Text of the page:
The DWP said only a small number of claimants were expected to be mandated into work placements. Where “appropriate”, most would be offered voluntary placements, it said, adding that such placements would be flexible, with full consideration given to a claimant’s health problem or disability.

A spokesperson from the DWP said: “For people on ESA who are expected to go back to work when they’re well enough, a period of work experience is an excellent way to increase skills and confidence. Work experience is completely voluntary. In some circumstances, only where people refuse to take reasonable steps to address a barrier to work, it may be that a short, appropriate mandatory work placement – which must take the claimant’s health into account – would be helpful.

“Mandatory work activity placements benefit local communities while giving jobseekers valuable skills. We are grateful for the continued support of the wider charitable sector in helping unemployed people re-engage with the system and move closer to work.

“Age UK’s decision is entirely a matter for them.”

One claimant, who only wanted to be named as Annie, said the thought she could be forced into work was “terrifying”.

The 34-year-old, who has a teenage daughter, said she had previously worked in administration but now suffered from fibromyalgia, attention deficit disorder, anxiety and depression.

“I was working until April 2010, but after getting increasingly ill and even after my employer reduced my hours, and simplified my role as much as possible, I just wasn’t well enough to keep going in, even just getting to work was exhausting and painful.”

“My main symptom of fibromyalgia is constant, severe fatigue and exhaustion. I am currently finding it hard to get out of the house to go to the supermarket and having a lot of trouble doing basic things like cooking, bathing etcetera.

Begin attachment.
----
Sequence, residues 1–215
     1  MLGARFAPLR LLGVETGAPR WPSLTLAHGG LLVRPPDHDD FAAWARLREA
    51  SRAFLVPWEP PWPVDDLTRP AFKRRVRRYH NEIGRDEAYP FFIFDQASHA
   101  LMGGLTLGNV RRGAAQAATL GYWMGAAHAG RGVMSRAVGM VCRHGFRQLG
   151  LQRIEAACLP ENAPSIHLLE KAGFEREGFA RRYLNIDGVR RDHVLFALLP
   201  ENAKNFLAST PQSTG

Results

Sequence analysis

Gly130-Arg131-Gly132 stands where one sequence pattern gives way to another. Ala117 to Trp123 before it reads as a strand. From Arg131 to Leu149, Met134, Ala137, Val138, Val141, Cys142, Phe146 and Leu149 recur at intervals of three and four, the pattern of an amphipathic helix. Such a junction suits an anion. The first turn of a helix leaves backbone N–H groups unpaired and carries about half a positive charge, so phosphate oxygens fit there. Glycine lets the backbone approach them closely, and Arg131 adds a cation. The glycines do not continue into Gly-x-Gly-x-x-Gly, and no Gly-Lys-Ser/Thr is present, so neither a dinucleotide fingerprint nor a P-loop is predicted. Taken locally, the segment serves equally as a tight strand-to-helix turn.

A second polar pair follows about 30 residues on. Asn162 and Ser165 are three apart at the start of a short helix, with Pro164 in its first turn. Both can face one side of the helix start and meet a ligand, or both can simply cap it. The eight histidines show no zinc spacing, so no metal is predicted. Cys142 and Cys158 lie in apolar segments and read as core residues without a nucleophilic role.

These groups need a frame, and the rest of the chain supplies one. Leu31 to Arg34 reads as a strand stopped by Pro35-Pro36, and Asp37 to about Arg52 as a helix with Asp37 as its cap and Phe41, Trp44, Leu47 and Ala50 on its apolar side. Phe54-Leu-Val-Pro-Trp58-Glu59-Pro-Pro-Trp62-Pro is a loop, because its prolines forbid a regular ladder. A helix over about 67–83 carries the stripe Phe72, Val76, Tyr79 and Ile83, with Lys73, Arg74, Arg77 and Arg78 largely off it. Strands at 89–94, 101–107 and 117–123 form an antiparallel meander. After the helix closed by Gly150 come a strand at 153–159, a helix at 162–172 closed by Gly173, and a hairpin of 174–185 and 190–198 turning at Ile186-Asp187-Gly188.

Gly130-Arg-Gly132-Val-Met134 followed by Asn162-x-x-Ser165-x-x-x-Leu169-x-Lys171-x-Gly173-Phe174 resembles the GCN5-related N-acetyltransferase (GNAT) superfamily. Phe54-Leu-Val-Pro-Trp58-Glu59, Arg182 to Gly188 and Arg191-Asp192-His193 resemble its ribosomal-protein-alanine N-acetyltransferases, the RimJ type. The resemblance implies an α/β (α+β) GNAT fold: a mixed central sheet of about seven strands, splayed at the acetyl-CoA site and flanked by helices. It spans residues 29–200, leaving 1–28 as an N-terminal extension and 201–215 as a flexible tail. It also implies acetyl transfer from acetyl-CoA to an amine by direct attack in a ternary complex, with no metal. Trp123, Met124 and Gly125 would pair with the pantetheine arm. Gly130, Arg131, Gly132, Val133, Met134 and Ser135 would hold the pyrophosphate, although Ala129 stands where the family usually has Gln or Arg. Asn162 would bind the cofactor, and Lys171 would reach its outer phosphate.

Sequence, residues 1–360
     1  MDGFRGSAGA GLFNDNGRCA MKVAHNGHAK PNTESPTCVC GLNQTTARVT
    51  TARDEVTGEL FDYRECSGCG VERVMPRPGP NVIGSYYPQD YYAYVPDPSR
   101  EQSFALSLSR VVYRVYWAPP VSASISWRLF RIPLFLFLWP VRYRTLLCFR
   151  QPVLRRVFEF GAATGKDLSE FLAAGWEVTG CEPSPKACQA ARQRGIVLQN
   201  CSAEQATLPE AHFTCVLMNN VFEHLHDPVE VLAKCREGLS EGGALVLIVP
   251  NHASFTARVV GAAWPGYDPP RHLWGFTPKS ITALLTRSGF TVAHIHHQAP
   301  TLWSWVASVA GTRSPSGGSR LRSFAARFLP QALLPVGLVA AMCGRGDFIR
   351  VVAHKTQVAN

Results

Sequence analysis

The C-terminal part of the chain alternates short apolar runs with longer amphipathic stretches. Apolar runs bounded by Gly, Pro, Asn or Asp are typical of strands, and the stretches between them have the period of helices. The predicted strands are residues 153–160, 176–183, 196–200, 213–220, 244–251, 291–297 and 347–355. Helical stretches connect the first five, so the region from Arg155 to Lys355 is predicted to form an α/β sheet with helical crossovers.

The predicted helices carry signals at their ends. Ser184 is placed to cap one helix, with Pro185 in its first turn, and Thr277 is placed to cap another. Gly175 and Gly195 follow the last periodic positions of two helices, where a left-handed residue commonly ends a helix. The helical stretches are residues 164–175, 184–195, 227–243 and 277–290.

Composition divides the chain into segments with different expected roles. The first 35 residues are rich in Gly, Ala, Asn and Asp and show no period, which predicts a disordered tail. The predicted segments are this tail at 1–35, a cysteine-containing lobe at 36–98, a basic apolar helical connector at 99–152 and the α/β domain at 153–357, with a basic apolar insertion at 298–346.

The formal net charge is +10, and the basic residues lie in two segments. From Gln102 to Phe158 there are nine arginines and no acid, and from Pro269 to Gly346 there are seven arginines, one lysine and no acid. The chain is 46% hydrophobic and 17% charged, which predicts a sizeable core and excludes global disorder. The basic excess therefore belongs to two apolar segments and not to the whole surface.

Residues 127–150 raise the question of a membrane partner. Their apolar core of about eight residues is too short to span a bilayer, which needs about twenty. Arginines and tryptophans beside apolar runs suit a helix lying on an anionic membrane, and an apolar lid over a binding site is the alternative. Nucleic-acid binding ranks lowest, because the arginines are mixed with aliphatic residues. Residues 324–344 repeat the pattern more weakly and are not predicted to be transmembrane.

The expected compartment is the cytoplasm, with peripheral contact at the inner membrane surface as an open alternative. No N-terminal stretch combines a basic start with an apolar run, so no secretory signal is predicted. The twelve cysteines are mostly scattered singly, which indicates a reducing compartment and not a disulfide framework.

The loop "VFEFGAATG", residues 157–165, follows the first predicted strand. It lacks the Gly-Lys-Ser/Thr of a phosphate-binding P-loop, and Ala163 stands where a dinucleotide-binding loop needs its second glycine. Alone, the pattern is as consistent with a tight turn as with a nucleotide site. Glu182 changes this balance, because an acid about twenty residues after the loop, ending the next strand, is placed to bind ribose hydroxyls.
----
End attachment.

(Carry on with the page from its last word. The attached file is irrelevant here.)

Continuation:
“I am not well enough to do work that would actually pay me real money and potentially improve my situation; I’m certainly not well enough to do unpaid work,” she said.

Age UK’s director of people and performance, Caroline Bendelow, said it was a large organisation with 7,000 volunteers: “We are committed to giving all individuals who volunteer with us an enjoyable and fruitful experience, with some finding it a useful way to move closer to the labour market.,” she said.

Asked why Age UK was leaving the government scheme, Bendelow said: “Age UK strives to give all its volunteers the best experience possible and we want volunteering with us to be the appropriate choice for each individual’s circumstances.”

She said there was no head office involvement in government schemes and Age UK was now “working with our shops to end any local links that previously existed to such programmes in isolated areas”.

However, she added that this national policy would not apply to the 169 independently run stores using the Age UK name as they made their own decisions.

“There are also 169 local Age UKs across the country who are independent charities making their own decisions based on the needs of their local communities.”